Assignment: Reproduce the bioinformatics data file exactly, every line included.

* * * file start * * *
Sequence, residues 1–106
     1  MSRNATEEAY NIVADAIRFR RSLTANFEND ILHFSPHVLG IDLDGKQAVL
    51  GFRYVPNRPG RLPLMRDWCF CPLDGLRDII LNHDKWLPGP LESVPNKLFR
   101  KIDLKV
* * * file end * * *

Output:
Sequence, residues 1–106
     1  MSRNATEEAY NIVADAIRFR RSLTANFEND ILHFSPHVLG IDLDGKQAVL
    51  GFRYVPNRPG RLPLMRDWCF CPLDGLRDII LNHDKWLPGP LESVPNKLFR
   101  KIDLKV